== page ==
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And that's the day that comes betwixt
A Saturday and Monday ;
30 She is the darling of my heart,
And she lives in our alley.
And often am I blamed
35 As soon as text is named ; I leave the church in sermon-time
And slink away to Sally ; She is the darling of my heart, And she lives in our alley.
40 When Christinas comes about again
O then I shall have money; I'll hoard it up, and box it all,
I'd give it all to Sally ;
And she lives in our alley.
Make game of me and Sally,
A slave and row a galley ;
O then I'll marry Sally,—
An' fill it in a silver tassie ;
A service to my bonnie lassie :
The boat rocks at the pier o’Leith,
Fu' loud the wind blaws frae the Ferry, The ship rides by the Berwick-law,
And I maun leave my bonnie Mary. The trumpets sound, the banners fly,
The glittering spears are rankéd ready ; The shouts o' war are heard afar,
The battle closes thick and bloody ; But it's not the roar o sea or shore
Wad make me langer wish to tarry ; Nor shout o' war that's heard afarIt's leaving thee, my bonnie Mary.
If doughty deeds my lady please
Right soon I'll mount my steed; And strong his arm, and fast his seat,
That bears frae me the meed.
Thy picture in my heart ;
O tell me how to woo thee !
Tho' ne'er another trow me.
If gay attire delight thine eye
I'll dight me in array ;
And squire thee all the day.
; Thy voice I'll steal to woo thysell,
That voice that nane can match.
But if fond love thy heart can gain,
I never broke a vow
Nae maiden lays her skaith to me,
I never loved but you.
30 For thy dear sake, nae care I'll take, Tho' ne'er another trow me.
R. GRAHAM OF GARTMORE,
TO A YOUNG LADY Sweet stream, that winds through yonder glade, Apt emblem of a virtuous maidSilent and chaste she steals along, Far from the world's gay busy throng : With gentle yet prevailing force, Intent upon her destined course ; Graceful and useful all she does, Blessing and blest where'er she goes ; Pure-bosom'd as that watery glass, And Heaven reflected in her face.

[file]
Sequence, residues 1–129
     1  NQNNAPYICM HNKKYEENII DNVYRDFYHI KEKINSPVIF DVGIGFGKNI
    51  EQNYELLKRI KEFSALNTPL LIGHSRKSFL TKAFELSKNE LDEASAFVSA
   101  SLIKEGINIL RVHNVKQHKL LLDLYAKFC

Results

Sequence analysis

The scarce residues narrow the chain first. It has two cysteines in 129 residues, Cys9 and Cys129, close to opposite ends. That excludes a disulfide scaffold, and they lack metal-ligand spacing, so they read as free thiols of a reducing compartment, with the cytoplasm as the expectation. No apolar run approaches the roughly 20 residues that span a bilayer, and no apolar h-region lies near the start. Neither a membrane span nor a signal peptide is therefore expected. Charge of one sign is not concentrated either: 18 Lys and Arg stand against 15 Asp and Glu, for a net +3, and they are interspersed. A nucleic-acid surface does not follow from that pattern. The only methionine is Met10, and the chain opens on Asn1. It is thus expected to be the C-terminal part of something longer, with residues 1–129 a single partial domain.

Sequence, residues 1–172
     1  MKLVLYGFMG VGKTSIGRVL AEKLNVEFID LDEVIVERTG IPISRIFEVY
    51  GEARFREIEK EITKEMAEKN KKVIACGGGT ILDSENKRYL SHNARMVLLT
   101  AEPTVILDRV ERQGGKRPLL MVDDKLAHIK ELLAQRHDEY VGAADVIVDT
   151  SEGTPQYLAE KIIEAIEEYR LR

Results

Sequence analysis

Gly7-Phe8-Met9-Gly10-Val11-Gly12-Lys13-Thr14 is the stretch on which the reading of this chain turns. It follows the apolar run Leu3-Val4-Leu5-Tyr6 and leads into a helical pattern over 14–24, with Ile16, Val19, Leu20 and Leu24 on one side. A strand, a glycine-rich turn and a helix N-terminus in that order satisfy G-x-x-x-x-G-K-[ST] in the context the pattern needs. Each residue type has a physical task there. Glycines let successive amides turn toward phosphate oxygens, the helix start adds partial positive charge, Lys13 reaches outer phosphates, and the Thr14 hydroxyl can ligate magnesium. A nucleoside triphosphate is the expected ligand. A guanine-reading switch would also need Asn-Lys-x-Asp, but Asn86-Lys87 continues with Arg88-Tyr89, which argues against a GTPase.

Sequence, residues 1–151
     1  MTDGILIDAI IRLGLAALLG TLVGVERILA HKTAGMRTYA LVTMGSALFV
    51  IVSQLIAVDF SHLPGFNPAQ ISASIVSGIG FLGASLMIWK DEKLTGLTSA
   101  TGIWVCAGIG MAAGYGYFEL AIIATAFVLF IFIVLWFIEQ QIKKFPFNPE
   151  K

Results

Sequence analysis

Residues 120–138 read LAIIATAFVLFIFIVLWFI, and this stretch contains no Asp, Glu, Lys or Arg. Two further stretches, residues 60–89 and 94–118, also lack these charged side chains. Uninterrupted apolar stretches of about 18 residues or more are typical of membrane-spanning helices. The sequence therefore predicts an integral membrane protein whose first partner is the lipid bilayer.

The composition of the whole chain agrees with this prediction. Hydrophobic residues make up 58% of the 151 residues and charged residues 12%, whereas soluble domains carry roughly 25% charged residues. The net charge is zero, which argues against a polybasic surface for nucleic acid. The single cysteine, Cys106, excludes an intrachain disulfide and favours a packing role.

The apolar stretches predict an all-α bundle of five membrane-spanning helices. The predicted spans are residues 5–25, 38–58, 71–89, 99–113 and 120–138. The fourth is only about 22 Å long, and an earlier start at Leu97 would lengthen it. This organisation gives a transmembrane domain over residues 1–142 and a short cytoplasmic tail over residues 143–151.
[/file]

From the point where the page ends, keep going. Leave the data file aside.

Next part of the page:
THE SLEEPING BEAUTY Sleep on, and dream of Heaven awhile
Tho' shut so close thy laughing eyes, Thy rosy lips still wear a smile
And move, and breathe delicious sighs !
Ah, now soft blushes tinge her cheeks
And mantle o'er her neck of snow: Ah, now she murmurs, now she speaks
What most I wish and fear to know !
She starts, she trembles, and she weeps !
Her fair hands folded on her breast : ---And now, how like a saint she sleeps !
A seraph in the realms of rest !
Sleep on secure ! Above control
Thy thoughts belong to Heaven and thee : And may the secret of thy soul Remain within its sanctuary !
For ever, Fortune, wilt thou prove
Bid us sigh on from day to day,
But busy, busy, still art thou,
For once, O Fortune, hear my prayer,
The merchant, to secure his treasure,
Conveys it in a borrow'd name : Euphelia serves to grace my measure,
But Cloe is my real flame.
My softest verse, my darling lyre
Upon Euphelia's toilet layWhen Cloe noted her desire
That I should sing, that I should play.
My lyre I tune, my voice I raise,
But with my numbers mix my sighs ; And whilst I sing Euphelia's praise,
I fix my soul on Cloe's eyes.
Fair Cloe blush'd : Euphelia frown'd:
I sung, and gazed ; I play'd, and trembled : And Venus to the Loves around Remark'd how ill we all dissembled.
When lovely woman stoops to folly
And finds too late that men betray, What charm can soothe her melancholy,
What art can wash her guilt away?
The only art her guilt to cover,
To hide her shame from every eye,
Ye flowery banks o' bonnie Doon,
How can ye bloom sae fair ! How can ye chant, ye little birds,
And I sae fu' o' care !
Thou'll break my heart, thou bonnie bird 5
That sings upon the bough ; Thou minds me o' the happy days
When my fause Luve was true.